To establish the historical contest for our study, I need to go back to the fall of 1957 when I took an evangelism class under Dr. Roland Q. Leavell at the New Orleans Baptist Theological Seminary. We used as a text book his Evangelism: Christ’s Imperative Commission. In that book he traced God’s changing the centers of outreach from Jerusalem to the present. Throughout the study, a haunting evaluation occurs. As I remember, it went something like this. God raised up Jerusalem as the base of outreach until Judaism’s teachings gained control. The refrain was, “Their evangelistic zeal was killed. Their soul-winning fervor was chilled. God moved on. He established the new base of operations at Antioch in Syria and worked through them until worldliness consumed the church. “Their evangelistic zeal was killed. Their soul-winning fervor was chilled. God moved on.” He worked through Antioch until about 100 A.D. We leave off Dr. Leavell’s analysis at this point.
In the declining impact of the Jerusalem church, God chose a new base (Acts 13:1-4). In reading about the people involved at Antioch, we sense the drama of the moment. The men in attendance were outstanding as they represented key leaders in their roles. The prophets would know the historical acts and teaching of Jesus, thus qualifying them to identify false teachings. The teachers were to communicate the truths to others. One man, Manaen, had been reared as a foster brother to Herod the tetrarch. Saul’s name closed the list.
They had focused their attention on the Lord, fasting and praying. The Bible does not explain how they ministered to the Lord, but surely adoration and praise would be a part of it. However, the most startling aspect is found in the words, “the Holy Ghost said.” These words point to the importance of the gathering as the Holy Spirit directed the next step. They were to separate Barnabas and Saul for the work “whereunto” He had “called them.”
After further fasting and prayer, the group “laid their hands on them.” The Greek word for “laid” is the one from which we get our word liturgy. We may infer they were observing an ordination service.
After this moving rite was performed, the group sent the two on the first missionary journey recorded in the Bible. By laying their hands on the two, the church was pledging its support for the evangelists as they went away. The church stood behind them as the sending organization.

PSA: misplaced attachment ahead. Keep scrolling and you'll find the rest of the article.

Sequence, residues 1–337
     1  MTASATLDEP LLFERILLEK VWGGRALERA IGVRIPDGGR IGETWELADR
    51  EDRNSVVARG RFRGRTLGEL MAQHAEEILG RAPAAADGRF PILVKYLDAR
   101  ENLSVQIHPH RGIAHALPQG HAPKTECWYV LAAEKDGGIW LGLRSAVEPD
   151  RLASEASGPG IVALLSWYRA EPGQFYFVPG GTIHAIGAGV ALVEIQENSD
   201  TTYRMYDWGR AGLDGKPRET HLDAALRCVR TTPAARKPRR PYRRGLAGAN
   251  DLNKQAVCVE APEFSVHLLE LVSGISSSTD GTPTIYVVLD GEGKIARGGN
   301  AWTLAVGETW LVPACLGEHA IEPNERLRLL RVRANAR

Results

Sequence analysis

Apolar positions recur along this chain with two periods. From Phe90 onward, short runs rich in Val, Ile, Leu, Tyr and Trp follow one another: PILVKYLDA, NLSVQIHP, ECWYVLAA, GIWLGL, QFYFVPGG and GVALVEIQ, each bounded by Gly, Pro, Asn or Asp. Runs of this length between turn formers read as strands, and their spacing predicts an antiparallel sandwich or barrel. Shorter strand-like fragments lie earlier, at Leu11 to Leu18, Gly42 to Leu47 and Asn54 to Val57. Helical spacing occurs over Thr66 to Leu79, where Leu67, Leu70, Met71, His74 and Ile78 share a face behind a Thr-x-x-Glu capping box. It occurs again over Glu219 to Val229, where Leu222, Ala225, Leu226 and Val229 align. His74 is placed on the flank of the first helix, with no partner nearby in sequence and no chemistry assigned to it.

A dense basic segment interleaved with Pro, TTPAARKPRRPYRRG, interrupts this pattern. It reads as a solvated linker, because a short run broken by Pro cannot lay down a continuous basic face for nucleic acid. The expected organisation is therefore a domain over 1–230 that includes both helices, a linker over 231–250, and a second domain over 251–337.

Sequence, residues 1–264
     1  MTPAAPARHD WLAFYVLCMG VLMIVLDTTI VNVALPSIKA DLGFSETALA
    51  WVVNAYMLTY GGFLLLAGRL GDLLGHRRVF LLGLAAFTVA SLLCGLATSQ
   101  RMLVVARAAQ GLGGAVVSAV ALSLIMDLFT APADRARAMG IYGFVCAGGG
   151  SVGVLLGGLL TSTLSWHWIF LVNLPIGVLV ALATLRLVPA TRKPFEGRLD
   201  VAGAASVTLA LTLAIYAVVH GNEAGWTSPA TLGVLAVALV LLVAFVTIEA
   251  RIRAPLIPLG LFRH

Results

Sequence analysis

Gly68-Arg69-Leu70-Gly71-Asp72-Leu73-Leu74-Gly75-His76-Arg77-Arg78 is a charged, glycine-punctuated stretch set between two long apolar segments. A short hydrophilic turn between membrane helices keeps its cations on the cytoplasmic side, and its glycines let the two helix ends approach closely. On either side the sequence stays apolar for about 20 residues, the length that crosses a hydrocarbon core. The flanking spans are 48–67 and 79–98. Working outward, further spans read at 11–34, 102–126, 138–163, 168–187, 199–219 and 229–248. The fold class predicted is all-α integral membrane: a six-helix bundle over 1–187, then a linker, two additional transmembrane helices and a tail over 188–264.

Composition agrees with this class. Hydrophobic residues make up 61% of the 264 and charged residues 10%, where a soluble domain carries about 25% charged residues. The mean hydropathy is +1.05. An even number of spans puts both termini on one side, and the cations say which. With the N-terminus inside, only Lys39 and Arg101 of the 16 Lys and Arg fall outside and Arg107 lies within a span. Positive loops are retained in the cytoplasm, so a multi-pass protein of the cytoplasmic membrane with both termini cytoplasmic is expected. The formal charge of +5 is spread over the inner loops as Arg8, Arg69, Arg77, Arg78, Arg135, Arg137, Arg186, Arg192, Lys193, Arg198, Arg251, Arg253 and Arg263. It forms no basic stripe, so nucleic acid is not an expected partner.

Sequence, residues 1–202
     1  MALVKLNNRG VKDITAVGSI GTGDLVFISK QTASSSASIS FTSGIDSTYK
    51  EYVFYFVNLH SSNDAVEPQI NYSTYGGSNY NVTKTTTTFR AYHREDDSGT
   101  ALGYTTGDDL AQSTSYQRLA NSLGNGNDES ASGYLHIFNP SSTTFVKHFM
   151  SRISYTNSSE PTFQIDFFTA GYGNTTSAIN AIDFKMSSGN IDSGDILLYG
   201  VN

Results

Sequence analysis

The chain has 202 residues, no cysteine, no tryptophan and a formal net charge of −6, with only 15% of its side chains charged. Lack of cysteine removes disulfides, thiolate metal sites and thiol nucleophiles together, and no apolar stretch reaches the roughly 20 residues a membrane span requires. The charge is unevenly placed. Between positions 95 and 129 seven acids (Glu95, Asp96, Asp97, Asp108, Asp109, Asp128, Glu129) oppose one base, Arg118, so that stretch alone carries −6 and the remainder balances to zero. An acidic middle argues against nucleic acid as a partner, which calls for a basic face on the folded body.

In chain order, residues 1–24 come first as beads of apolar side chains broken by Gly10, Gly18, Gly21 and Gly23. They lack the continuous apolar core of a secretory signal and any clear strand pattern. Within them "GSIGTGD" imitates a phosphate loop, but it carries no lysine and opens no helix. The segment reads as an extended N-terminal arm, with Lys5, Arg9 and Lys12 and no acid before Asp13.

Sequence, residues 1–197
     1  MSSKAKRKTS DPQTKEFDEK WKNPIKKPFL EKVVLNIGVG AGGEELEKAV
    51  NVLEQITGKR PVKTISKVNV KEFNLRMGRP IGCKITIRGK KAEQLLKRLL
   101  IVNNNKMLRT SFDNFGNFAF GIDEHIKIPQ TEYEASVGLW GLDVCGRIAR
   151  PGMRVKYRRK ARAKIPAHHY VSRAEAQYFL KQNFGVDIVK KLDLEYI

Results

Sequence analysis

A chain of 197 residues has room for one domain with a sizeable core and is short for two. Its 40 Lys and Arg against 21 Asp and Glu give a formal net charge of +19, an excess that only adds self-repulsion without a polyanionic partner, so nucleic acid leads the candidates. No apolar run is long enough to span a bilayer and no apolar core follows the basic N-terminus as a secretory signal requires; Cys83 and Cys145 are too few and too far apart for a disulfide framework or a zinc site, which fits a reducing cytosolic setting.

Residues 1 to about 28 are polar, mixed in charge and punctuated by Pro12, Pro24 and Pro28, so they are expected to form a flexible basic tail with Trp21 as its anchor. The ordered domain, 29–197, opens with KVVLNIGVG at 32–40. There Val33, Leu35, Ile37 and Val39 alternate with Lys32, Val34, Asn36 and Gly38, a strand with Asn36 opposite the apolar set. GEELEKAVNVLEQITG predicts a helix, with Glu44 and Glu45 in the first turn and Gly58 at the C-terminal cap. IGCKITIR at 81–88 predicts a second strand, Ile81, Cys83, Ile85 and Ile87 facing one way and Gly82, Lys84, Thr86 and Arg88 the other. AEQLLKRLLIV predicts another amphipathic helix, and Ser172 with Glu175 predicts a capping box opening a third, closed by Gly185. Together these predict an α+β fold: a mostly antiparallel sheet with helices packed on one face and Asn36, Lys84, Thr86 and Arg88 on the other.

The next group of verses introduces a new strategy (14:21-24). By the time we read of the events in Iconium, Saul’s name is dropped in favor of Paul, the name by which the world came to know him (see 14:9). Recounting the cities Paul and Barnabas visited on the first missionary journey makes exciting reading but the report to the church at Antioch provides insight about their ministry.
They were evangelists sharing the Good News but they also confirmed the souls of the disciples, warning them that “we must through much tribulation enter into the Kingdom of God.”
Theirs was no easy believism message.
To preserve the integrity of the message, the men “ordained them elders in every church.” Our Baptist forebears followed the same strategy. As they won converts in different communities, they set aside promising men, elders, to pastor the churches. Our evangelists called them licentiates, that is, licensed men.
As the evangelists traveled across the country, they set aside their proxies to continue in the work.
One of the most exciting and rewarding parts of the work is the thrilling testimonies (vv. 25-28). Arriving back at Antioch, the church sending them out, the Apostles gathered the believers together to share the Good News of how God had opened the door of faith to the Gentiles. The Holy Spirit was telling the believers of the continuing expansion of the Gospel. The goal? The ends of the earth to hasten the time when Jesus would return. Opening the door to the Gentiles was a basic strategy.
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